DUE TO THE CORONAVIRUS, ALL SESSIONS ARE CURRENTLY ONLY OFFERED OVER SKYPE OR ZOOM
Prenatal (Pregnancy) Yoga & Postnatal Yoga
As a trainee of the Kundalini Yoga program “The Mother’s Journey” I offer both prenatal (pregnancy) and postnatal Kundalini Yoga classes in Leicester. The postnatal yoga can take the form of classes for just yourself as the new mother (for which you can find the information on this page) or of Mommy & Me / Children / Family Yoga classes, as I am also a certified children’s yoga teacher.
The energy and nature of a Pregnancy Yoga class is completely different from that of a normal Kundalini Yoga class. On the whole, Prenatal Yoga classes (because of all the progesterone that circulates) are more relaxed, interactive and offer more support to the pregnant woman and the baby she carries within her. Physical exercises are done with moderation and more emphasis is placed on breathing, gentle stretching, slow and gentle movements, mantra, and meditations that improve the student’s stamina and self-confidence and prepare her for labour. Most important is that the pregnant woman enjoys herself!
You don’t need to have any previous yoga experience to start with pregnancy yoga; many women actually come into yoga during their pregnancy.
Postnatal Yoga Classes are an excellent way of gently and gradually getting back into your yoga practice. They however have many more benefits and purposes. Childbirth and parenting bring with it a whole series of challenges, for yourself and for the relationship with your partner and with your other children, your life/work balance, ... You have not only birthed a child; you have birthed yourself as a mother. It is not just your body that has changed dramatically, but probably your whole perception of yourself and the world around you. Your postnatal yoga class can become a place for you to start building a connection with this new you and find the new balance between being a woman and being a mother. Postnatal yoga classes also help reduce the risk of postnatal depression, and give you some time for yourself – something which is hard to find with a newborn in your life.
You don’t need any previous yoga experience to start with postnatal yoga.
- Always check with your midwife and/or GP before starting pregnancy classes or postnatal yoga classes.
- For postnatal classes: If you had a vaginal birth, you will need clearance from your midwife or GP before you can start classes. If you had a C-section, wait until you do not feel any pain before starting classes.
Duration of a class
Pregnancy yoga class: normally 75 mins for a private class. Group classes will last between 90 and 120 mins.
Postnatal yoga class: normally 60 mins for a private class.
We recommend to take a minimum of 3 classes first and then decide whether you want to continue.
Pregnancy Yoga and Postnatal Yoga are also offered as group classes at our studio in Leicester, but they run only when we have a minimum of 3 people at any given time. You can however always book in for private classes.
I also offer information sessions regarding fertility issues, ‘conscious conception’, pregnancy, childbirth and the postpartum period (specifically the 40 day '4th trimester'). These sessions can also be attended by the partner. They can be run in Leicester and vicinity, or via Skype.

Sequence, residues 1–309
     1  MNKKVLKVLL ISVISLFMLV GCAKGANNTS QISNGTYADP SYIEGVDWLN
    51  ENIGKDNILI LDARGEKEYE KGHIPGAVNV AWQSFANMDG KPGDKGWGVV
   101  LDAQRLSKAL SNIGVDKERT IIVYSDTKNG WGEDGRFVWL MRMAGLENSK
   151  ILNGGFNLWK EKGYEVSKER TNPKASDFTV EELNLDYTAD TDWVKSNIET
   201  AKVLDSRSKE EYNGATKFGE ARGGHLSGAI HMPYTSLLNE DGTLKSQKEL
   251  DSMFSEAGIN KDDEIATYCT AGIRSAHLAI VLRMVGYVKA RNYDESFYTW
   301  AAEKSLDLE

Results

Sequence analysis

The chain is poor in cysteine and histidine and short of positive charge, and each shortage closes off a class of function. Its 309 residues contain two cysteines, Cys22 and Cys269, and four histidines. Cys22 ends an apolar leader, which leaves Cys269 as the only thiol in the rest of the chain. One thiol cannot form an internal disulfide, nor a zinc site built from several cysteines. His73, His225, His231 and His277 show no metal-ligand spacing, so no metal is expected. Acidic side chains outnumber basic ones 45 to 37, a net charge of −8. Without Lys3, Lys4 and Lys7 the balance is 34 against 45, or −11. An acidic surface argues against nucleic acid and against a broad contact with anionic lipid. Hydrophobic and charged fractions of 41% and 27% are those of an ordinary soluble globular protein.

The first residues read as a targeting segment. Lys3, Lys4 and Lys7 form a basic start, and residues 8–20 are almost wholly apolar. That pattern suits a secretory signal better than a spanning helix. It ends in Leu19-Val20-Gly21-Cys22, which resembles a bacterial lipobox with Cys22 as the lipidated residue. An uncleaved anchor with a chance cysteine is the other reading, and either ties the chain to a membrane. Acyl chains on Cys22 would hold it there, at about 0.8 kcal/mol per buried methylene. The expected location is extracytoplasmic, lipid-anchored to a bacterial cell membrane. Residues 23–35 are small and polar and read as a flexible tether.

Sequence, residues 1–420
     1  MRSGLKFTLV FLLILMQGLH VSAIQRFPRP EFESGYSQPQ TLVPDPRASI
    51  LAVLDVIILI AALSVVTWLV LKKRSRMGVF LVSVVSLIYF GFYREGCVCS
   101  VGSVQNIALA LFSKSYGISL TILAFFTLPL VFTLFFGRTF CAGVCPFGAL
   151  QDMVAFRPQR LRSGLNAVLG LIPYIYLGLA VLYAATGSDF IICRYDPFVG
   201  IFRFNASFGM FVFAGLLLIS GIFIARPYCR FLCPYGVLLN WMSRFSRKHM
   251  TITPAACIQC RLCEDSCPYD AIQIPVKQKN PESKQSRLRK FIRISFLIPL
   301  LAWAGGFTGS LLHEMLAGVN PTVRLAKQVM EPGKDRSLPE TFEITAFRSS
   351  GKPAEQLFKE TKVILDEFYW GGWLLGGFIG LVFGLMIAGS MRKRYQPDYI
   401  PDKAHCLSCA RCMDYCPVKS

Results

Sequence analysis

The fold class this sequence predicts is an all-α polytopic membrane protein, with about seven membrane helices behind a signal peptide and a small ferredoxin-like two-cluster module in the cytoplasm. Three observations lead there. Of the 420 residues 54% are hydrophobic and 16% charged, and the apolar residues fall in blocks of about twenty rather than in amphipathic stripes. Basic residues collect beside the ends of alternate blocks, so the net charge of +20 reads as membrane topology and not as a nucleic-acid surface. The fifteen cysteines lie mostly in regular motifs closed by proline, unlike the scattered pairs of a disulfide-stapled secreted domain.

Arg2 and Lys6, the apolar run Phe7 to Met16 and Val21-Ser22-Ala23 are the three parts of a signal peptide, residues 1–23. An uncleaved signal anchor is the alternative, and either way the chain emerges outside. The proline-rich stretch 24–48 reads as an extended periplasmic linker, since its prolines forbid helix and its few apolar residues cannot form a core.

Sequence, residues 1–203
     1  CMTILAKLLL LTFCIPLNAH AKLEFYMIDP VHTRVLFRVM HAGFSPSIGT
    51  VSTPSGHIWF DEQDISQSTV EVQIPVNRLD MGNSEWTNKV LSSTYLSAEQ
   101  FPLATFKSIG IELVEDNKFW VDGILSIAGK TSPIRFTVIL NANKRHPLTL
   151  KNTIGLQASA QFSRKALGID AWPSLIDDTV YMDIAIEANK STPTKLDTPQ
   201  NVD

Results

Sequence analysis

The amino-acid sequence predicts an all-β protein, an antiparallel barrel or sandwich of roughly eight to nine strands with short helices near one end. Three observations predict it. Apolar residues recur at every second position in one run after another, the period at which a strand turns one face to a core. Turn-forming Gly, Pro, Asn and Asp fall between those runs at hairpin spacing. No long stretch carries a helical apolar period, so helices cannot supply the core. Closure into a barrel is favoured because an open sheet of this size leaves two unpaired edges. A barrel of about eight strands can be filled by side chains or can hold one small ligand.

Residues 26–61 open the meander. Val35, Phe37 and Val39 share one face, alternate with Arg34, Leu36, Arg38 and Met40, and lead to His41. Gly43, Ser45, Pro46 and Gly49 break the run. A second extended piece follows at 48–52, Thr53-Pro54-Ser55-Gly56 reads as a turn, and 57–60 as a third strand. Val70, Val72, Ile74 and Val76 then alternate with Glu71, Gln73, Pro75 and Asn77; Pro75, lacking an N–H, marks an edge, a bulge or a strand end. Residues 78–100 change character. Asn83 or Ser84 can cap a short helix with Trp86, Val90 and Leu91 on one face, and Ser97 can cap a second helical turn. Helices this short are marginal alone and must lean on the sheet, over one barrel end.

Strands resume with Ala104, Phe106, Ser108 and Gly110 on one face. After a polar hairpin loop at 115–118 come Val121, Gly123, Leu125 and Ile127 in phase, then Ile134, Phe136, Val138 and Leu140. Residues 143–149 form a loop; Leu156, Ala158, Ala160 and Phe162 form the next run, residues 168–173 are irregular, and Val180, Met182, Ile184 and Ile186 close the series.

If you are interested in organising pregnancy yoga classes or postnatal yoga classes in or via your birth clinic, hospital, neighbourhood or community centre or anywhere else in Leicester, please Click here.
Did you know you can take time off work to attend antenatal classes, and that this includes prenatal yoga classes?
Your employer cannot ‘unreasonably refuse’ you paid time off to attend antenatal care classes during working hours when you are pregnant. This includes time traveling to and from the appointments. Parent craft, prenatal yoga and relaxation classes can be included in the term ‘antenatal care’ as ‘antenatal care’ isn't just medical appointments - it can also include antenatal or parenting classes if they have been recommended by a doctor or midwife. You may however find it helpful to show your employer proof from your GP or midwife that states that these classes are part of your care. You should request the time off rather than assume you can take it.
Employers must give pregnant employees time off for antenatal care and pay their normal rate for this time off. You are not under any obligation to make up the ‘lost’ hours to your employer at a later date. The father or pregnant woman’s partner has the right to unpaid time off work to go to 2 antenatal appointments.
Your employer does have the right to ask that you produce proof from your GP, health visitor or midwife that you have an antenatal care appointment. If they ask you for this proof and you are unable to provide it, then they have the right to refuse you the time off.
Employers cannot change a pregnant employee’s contract terms and conditions without agreement - if they do they are in breach of contract. If your employer refuses you time off, or will not pay you for the time off, and you feel that this is unreasonable, you can make a complaint to an employment tribunal. You may also be able to claim that your employer’s actions amount to sex discrimination and/or pregnancy and maternity discrimination, but you should seek advice. Likewise, if you are dismissed, disciplined or otherwise treated unfavorably for taking or trying to take time off for antenatal care, you should have a claim for compensation. In any of these situations you should seek advice from your trade union or a specialist legal adviser.
This right only applies to those who are classed as employees rather than workers. The right to paid time off for employees begins on the day the job starts and there is no minimum qualifying service.
For more information please visit https://www.gov.uk/working-when-pregnant-your-rights